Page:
Peugeot iOn e-car

iMiEV evolved

Quick away from the lights

Hop inside and one thing this immediately clear: the cabin is fitted out to a higher standard than the early iMiEVs, making it a much less utilitarian place to sit. There has also been a big increase in the amount of sound insulation around the motor making it inaudible even under hard acceleration.

Peugeot iOn

Good for parking

Standard kit has taken a boost too. The USB media player, curtain airbags, folding electric door mirrors, and Peugeot’s Connect and SOS systems are all new.

Performance is much the same as the iMiEV, with the 33.5bhp (25kW) electric motor getting you to 60 in just under 15 seconds and on to a top speed of 82mph. With a maximum of 65.5bhp (49kW) available for short bursts and 133 lb-ft (180Nm) of torque on tap, the iOn is nothing if not quick away from the lights.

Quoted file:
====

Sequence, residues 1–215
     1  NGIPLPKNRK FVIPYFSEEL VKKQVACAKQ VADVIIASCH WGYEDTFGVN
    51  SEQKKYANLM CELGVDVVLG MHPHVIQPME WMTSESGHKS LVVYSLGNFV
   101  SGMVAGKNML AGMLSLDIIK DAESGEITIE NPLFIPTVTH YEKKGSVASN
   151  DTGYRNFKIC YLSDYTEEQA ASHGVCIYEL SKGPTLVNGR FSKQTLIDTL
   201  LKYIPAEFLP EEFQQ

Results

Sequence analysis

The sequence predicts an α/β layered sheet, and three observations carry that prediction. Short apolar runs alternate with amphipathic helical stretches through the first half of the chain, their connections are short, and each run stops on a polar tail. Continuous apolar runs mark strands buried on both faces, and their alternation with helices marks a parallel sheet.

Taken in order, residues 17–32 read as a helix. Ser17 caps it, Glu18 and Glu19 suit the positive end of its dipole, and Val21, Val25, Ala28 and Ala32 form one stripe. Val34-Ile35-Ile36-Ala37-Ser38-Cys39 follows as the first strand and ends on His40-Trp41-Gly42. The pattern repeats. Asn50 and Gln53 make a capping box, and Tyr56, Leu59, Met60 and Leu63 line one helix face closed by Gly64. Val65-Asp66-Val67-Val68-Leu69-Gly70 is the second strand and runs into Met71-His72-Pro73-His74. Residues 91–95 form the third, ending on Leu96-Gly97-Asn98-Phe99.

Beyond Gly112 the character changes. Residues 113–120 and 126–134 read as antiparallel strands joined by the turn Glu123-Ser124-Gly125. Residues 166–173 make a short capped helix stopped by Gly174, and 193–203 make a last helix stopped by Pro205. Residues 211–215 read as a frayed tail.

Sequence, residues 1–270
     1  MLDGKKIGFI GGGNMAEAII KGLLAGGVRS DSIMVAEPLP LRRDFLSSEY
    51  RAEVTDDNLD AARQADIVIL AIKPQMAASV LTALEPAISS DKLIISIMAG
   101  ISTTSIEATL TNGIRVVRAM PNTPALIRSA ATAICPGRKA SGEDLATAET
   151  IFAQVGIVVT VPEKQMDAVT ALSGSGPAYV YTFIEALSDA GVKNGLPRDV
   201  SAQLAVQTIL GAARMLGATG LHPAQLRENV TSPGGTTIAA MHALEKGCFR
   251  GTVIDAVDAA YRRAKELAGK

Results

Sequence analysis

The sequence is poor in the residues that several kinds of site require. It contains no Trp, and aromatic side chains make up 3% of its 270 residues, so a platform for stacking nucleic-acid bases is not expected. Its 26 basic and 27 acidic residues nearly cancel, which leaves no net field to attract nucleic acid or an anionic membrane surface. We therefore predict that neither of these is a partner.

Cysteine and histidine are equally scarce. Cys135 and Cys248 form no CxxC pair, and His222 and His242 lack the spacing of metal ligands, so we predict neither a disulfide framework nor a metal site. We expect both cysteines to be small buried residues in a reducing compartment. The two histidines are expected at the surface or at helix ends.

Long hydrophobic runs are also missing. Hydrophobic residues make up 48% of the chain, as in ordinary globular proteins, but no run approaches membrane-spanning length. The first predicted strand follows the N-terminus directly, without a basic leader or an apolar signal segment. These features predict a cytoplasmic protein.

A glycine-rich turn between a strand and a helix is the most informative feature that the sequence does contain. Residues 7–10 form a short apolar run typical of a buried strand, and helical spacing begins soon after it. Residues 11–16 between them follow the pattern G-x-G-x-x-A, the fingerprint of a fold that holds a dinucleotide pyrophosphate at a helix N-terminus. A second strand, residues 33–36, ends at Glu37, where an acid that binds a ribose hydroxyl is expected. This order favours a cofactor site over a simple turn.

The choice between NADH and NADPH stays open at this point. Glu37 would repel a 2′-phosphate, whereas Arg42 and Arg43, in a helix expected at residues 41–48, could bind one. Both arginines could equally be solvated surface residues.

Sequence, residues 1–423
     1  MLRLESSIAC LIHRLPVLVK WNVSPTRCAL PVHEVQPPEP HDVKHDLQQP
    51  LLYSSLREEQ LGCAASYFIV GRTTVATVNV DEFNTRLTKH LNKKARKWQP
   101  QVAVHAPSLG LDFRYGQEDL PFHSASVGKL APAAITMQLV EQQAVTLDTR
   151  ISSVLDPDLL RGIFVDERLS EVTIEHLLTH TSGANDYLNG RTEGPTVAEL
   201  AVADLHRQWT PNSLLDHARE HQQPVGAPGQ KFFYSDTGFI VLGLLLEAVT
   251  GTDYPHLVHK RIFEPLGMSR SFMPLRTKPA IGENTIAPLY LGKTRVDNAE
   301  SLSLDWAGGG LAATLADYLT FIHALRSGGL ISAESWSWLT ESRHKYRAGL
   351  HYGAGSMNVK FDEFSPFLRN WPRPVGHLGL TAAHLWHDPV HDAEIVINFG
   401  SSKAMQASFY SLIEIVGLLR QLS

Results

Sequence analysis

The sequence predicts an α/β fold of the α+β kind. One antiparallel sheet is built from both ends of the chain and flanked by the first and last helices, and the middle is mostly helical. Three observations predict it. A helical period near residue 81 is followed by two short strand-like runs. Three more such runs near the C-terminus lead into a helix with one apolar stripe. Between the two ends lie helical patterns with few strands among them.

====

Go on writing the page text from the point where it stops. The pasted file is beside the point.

The iMiEV's Eco setting, which restricted engine power to 23bhp (17kW), has been ditched. It may have made sense for pottering around Tokyo but it was far too restrictive for European use, even in city centres.

The regenerative braking system has also been overhauled. Gone is the two-position system of the iMiEV. In maximum recovery mode, it was like driving along the bottom of a swimming pool full of syrup and next to useless - if not downright dangerous, such was the braking effect - on the open road.

Peugeot iOn

Citroën's version is the C-Zero

The new system is almost unnoticeable in operation but still seems do its job very efficiently. On a 15-mile local run, I left with the range indicator at 84 miles and got back with it reading 80, which goes to show how effective regenerative braking can be at extending range if you resist the temptation to accelerate hard.

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